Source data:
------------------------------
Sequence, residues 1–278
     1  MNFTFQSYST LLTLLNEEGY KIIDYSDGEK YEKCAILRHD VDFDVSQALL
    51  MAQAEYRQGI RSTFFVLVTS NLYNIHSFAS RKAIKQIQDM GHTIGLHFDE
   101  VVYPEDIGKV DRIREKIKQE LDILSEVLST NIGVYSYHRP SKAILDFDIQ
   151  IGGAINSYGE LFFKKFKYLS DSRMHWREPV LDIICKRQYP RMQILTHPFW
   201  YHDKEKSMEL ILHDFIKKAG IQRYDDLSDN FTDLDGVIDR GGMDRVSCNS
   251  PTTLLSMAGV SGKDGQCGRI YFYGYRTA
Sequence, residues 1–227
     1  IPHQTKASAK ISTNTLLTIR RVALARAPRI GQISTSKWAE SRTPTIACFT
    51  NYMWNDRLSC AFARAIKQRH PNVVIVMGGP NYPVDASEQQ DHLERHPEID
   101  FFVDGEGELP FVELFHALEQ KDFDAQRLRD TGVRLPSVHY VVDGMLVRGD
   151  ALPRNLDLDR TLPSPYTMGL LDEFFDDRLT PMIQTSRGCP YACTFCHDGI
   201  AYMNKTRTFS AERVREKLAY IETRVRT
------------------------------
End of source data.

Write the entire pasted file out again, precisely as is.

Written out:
Sequence, residues 1–278
     1  MNFTFQSYST LLTLLNEEGY KIIDYSDGEK YEKCAILRHD VDFDVSQALL
    51  MAQAEYRQGI RSTFFVLVTS NLYNIHSFAS RKAIKQIQDM GHTIGLHFDE
   101  VVYPEDIGKV DRIREKIKQE LDILSEVLST NIGVYSYHRP SKAILDFDIQ
   151  IGGAINSYGE LFFKKFKYLS DSRMHWREPV LDIICKRQYP RMQILTHPFW
   201  YHDKEKSMEL ILHDFIKKAG IQRYDDLSDN FTDLDGVIDR GGMDRVSCNS
   251  PTTLLSMAGV SGKDGQCGRI YFYGYRTA
Sequence, residues 1–227
     1  IPHQTKASAK ISTNTLLTIR RVALARAPRI GQISTSKWAE SRTPTIACFT
    51  NYMWNDRLSC AFARAIKQRH PNVVIVMGGP NYPVDASEQQ DHLERHPEID
   101  FFVDGEGELP FVELFHALEQ KDFDAQRLRD TGVRLPSVHY VVDGMLVRGD
   151  ALPRNLDLDR TLPSPYTMGL LDEFFDDRLT PMIQTSRGCP YACTFCHDGI
   201  AYMNKTRTFS AERVREKLAY IETRVRT